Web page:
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Lazy people are smarter (statistically)

Lazy people are smarter (statistically)

May 6, 2021

Many people would have a great facility to feel identified as lazy, but intelligence is somewhat more difficult to measure and, although each may have an idea about what their intellectual level, it is difficult to have references on this without resorting to tests of CI.

However, a recent study has found a link between these two dimensions of our mind. Specific, It has been observed that the smartest people are also the most likely to idle during the weekdays .

So, although lazing excessively could lead to isolation and therefore to the diminution of the capacity to think with agility, to keep still and without doing apparently great thing can be an indication that we like to dedicate time and effort to squeeze our intelligence .


The smart ones are less active

This investigation, conducted by Todd McElroy from Florida Gulf Coast University and published in the Journal of Health Psychology, points out that people who show a greater need for cognitively stimulating and motivating tasks spend less time than others doing tasks that require physical activity.

The need to embark on cognitively stimulating tasks, which is related to the level of intelligence, gives an idea of ​​the way in which we tend to keep mentally active participating in novel tasks, which pose a challenge and move away from monotony and repetition.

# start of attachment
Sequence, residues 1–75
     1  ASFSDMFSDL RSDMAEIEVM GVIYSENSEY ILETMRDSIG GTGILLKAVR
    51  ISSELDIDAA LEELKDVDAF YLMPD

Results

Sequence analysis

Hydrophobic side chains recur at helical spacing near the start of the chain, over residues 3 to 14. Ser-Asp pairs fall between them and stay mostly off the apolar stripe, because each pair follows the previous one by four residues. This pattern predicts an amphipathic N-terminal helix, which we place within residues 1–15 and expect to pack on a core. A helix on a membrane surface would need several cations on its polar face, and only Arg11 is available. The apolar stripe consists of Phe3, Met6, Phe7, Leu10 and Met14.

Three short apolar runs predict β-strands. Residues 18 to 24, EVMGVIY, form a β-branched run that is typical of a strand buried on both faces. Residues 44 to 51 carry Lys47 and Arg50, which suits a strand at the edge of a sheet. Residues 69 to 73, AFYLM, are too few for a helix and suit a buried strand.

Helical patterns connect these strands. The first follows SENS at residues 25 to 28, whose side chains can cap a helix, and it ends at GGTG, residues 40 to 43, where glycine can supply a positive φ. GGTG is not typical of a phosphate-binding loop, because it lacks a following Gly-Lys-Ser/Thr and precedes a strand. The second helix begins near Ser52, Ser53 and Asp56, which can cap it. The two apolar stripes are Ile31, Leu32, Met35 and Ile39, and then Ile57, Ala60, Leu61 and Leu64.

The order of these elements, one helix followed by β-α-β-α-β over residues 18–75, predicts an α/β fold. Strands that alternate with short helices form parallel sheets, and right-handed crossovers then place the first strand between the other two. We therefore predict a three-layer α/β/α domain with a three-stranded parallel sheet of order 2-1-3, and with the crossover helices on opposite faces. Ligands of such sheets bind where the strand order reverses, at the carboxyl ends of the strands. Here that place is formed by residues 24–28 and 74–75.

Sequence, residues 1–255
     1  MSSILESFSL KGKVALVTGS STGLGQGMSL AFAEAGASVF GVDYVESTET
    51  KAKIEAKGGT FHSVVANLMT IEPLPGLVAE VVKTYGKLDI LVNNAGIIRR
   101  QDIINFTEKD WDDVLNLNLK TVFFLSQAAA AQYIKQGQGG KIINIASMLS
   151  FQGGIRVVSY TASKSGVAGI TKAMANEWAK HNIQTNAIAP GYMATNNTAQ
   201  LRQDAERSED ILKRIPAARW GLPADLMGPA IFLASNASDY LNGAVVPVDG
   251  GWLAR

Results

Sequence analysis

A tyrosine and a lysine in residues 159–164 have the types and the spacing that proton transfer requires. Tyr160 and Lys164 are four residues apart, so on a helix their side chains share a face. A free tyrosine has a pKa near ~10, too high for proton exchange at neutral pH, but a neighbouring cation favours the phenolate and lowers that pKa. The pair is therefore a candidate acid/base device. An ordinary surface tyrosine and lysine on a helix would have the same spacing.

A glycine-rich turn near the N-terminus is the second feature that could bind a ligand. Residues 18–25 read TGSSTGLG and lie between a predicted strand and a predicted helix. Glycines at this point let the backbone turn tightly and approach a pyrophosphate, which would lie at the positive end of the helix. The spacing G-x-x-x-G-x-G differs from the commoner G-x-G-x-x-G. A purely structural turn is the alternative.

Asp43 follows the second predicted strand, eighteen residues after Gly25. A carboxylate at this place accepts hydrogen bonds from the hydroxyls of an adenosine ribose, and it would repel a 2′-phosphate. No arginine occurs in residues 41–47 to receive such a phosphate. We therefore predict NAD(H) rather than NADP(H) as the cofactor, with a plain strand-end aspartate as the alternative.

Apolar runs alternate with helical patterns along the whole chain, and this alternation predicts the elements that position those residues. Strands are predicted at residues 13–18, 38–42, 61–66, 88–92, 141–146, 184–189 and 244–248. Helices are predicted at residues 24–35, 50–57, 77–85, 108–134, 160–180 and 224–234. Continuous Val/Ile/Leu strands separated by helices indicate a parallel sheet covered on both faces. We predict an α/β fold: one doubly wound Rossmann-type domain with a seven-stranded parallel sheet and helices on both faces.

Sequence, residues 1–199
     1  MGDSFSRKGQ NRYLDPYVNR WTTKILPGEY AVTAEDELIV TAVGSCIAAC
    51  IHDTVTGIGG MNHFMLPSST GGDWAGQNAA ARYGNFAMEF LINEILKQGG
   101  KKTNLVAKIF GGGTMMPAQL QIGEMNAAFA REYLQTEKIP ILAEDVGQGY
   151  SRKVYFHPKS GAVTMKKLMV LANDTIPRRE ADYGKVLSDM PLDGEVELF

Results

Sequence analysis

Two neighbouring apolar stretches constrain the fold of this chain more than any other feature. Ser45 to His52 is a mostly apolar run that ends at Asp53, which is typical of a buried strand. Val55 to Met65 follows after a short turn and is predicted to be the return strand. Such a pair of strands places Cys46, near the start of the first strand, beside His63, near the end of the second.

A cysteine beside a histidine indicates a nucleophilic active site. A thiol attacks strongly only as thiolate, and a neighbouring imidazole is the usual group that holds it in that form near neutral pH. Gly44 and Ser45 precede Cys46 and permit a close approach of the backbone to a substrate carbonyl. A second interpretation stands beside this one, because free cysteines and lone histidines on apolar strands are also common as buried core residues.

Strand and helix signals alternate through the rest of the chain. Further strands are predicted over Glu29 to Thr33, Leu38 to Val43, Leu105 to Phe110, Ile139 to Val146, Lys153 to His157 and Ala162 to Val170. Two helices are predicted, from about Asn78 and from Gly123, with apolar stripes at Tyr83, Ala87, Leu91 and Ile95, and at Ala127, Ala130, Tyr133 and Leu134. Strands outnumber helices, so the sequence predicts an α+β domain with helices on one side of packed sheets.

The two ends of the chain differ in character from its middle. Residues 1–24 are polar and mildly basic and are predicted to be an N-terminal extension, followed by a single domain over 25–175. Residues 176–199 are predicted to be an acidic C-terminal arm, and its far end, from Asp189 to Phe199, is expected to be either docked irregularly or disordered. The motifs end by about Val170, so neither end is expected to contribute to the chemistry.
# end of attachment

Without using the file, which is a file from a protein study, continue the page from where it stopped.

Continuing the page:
Why does this happen? The key is in the cognitive challenge

This discovery is related to the idea that the challenges and hobbies that occur only in our brain and are not based on the performance of physical activities (understood as tasks for which it is necessary to use various muscle groups, because thinking is also a end of accounts, a physical process) are a hobby and a task so stimulating that people accustomed to them do not need to move too much.

A) Yes, this research serves to reinforce the idea that smarter people are not as likely to fall into boredom like the others, since they tend to take advantage of the moments in which they do not exercise physical efforts to think, reflect, perform mental exercises ... etc. On the other hand, people who do not stand out especially for their intelligence would have more reasons to look for entertainment in direct interaction with their environment.


How was the investigation conducted?

These researchers from the Florida Gulf Coast University relied on the use of tests to obtain information about a series of volunteers. Among the questions that appeared in the tests were several designed to explore the tendency of each person towards the undertaking of cognitively demanding activities.

For example, these people had to say if they were more or less in agreement with statements such as "I really enjoy finding new solutions to problems".

From these data, the researchers selected 30 of the people most likely to exercise their cognitive abilities and 30 others who presented the opposite characteristic, and they all placed a device on the wrist. This bracelet was used to trace their movements and issue data on their activity levels, and this information was collected for several days .

The results

People less likely to tackle cognitively demanding tasks moved more and showed significantly higher physical activation levels than the others, but, interestingly, this difference only appeared from Monday to Friday. During the weekends, this difference tended to disappear.

This last data has not yet been explained, so if you want to clarify this point will be necessary to conduct more research on this subject.


The TRUTH Why Smart People Have Fewer Friends (May 2021).


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